And, sound management, leading and time-tested strategies, performance evaluation and enhancement, execution skills etc. would play a defining role in managing unsystematic risks to margins, and for margin expansion trajectory of a business.
It is essential for the companies to emphasise on their customers or potential customers, and businesses would need to place similar focus on customers of its products along with the product.
Assessing the market potential of the products by a business is crucial to forecast a target market share for the products. It includes a range of considerations for a business to trace market opportunity/potential of a new product.
A lot of questions are asked by the companies, including intensity of competition, adjacent opportunities, business environment, target market, market trends, evolving customer preferences, product differentiation, barriers to entry etc. After a thorough analysis, the businesses project the size of their target.
More importantly, investors should test the targets of the business, capabilities of the company to achieve that target, and efficiency of resource that are applied to achieve targets.
Capital Allocation decisions
Capital allocation decision in business could make or break the potential future of the company, and the management of the company is responsible for making these decisions.
Broadly, the capital allocation decisions of business include merger and acquisition, organic growth, share buy-backs, debt repayment and dividends.
As companies pass through their lifecycles, there are times when attractive opportunities (consider a merger) are presented with the management to position the business to deliver sustainable returns over time.
Management of the companies may decide to capitalise on the given opportunity after reviews and to assess the expected potential, and sometimes the decision making by the management could deliver adverse implications as well.
Capital allocation decisions also include decisions like launching a new product, expanding capabilities, and consequently renewing the growth potential of the overall business.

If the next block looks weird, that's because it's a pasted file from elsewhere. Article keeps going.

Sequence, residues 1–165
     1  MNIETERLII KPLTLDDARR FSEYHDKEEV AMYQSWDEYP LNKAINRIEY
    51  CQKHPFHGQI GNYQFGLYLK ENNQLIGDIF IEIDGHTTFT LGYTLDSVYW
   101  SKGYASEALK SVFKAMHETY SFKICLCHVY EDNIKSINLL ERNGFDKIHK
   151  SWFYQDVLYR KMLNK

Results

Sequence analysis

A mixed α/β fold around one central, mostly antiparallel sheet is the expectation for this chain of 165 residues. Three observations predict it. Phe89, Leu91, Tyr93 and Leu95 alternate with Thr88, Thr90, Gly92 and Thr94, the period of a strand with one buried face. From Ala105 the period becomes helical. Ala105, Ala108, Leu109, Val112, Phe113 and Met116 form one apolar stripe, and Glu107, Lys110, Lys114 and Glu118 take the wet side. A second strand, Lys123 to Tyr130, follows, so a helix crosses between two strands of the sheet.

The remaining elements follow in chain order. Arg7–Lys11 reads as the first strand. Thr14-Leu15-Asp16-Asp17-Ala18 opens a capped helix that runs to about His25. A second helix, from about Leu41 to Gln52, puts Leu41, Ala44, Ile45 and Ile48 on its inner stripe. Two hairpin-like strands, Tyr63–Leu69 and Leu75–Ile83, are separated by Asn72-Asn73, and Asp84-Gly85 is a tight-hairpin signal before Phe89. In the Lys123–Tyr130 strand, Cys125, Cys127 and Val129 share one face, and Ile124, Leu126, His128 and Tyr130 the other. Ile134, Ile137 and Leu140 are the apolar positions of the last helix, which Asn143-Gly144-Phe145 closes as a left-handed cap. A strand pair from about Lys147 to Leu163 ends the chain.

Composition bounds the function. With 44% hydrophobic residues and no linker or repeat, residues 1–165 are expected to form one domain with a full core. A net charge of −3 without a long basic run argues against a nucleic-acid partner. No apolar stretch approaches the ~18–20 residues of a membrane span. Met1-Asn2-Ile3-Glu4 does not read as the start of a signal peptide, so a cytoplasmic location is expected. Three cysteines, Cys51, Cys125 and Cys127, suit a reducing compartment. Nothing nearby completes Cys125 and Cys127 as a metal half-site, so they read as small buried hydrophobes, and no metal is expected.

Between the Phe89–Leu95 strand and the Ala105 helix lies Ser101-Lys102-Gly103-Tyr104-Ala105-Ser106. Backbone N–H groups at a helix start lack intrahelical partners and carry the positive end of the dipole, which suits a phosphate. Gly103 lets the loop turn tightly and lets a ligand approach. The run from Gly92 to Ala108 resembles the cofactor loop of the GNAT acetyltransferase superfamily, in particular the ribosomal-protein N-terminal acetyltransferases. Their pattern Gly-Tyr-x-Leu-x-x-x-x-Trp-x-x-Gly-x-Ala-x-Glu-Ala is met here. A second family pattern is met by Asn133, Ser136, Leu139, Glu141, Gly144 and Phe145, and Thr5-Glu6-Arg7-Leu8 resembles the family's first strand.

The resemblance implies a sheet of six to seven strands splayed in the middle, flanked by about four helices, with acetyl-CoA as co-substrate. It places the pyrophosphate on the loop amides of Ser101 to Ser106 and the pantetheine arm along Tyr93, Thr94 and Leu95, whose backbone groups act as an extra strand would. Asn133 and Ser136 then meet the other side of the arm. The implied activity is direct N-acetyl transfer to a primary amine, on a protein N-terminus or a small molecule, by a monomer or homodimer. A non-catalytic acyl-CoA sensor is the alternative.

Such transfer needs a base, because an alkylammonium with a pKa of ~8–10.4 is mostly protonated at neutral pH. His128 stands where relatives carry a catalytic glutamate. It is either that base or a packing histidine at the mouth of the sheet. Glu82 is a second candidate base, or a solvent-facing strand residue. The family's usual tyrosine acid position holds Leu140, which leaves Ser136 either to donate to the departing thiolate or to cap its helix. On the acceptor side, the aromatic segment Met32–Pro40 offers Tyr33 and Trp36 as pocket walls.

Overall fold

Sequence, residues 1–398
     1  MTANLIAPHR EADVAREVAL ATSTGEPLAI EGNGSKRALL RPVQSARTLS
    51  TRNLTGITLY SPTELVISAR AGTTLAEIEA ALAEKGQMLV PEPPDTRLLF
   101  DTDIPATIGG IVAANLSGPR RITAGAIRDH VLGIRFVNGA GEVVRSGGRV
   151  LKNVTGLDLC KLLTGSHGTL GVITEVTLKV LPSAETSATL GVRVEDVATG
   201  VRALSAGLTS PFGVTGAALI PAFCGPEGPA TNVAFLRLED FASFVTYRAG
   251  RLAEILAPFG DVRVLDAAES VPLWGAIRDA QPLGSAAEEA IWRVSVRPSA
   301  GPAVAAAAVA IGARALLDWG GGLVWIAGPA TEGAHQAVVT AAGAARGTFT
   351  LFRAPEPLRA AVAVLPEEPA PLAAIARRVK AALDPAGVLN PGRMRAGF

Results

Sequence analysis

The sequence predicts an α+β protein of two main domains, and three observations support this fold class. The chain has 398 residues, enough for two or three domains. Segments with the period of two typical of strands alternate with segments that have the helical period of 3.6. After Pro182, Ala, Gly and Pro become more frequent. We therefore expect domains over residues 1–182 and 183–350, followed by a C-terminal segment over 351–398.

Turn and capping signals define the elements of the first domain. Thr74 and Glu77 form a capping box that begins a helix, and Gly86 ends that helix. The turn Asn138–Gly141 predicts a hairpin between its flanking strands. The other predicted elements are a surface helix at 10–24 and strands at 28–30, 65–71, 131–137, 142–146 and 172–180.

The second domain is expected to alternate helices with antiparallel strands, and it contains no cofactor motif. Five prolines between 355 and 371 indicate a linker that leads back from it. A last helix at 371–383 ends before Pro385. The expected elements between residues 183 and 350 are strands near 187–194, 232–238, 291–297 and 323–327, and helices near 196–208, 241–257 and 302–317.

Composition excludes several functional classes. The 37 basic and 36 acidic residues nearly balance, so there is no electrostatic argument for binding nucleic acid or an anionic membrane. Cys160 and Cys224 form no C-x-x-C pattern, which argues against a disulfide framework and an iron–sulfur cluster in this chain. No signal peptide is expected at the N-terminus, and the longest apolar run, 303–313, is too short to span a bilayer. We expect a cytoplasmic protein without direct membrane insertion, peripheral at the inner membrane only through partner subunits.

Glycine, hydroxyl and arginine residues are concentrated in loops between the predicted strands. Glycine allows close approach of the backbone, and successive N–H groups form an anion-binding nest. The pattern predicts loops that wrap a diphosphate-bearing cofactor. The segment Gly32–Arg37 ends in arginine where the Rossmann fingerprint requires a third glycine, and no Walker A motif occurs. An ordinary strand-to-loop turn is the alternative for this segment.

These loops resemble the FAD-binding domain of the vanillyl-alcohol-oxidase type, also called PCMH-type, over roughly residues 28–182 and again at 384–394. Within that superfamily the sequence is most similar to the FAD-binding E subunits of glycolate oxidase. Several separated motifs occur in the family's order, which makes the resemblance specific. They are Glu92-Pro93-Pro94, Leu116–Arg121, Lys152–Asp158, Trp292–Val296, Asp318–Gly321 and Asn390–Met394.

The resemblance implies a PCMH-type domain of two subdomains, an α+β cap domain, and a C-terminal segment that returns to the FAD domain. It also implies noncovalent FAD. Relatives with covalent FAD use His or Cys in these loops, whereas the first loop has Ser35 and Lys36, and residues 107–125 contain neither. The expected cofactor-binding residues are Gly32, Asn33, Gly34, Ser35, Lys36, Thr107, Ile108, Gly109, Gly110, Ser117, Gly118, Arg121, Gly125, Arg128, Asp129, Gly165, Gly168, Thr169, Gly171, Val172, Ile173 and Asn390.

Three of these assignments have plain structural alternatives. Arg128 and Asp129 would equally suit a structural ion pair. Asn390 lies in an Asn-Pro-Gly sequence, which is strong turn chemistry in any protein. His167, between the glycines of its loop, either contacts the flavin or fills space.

Investors should emphasise on the capital allocation decisions of the business, as the implications of these decisions would shape the future of the company, and the potential shareholder returns.
Should you buy amid a market sell off?
One thing which comes along with a stock market sell off is the renewed level pessimism that drags the prices of the potential investment to lower levels. Thus, an investor is provided with a renewed margin of safety, which was not available prior to the market sell-off.
However, the investors should consider the core fundamentals of the business as well as industry, economy, business environment etc. And, the strength of the business that could sustain an extremely adverse environment such as an economic downturn to avoid any permanent loss of capital.
This website is a service of Kalkine Media Pty. Ltd. A.C.N. 629 651 672. The website has been prepared for informational purposes only and is not intended to be used as a complete source of information on any particular company. Kalkine Media does not in any way endorse or recommend individuals, products or services that may be discussed on this site. Our publications are NOT a solicitation or recommendation to buy, sell or hold. We are neither licensed nor qualified to provide investment advice.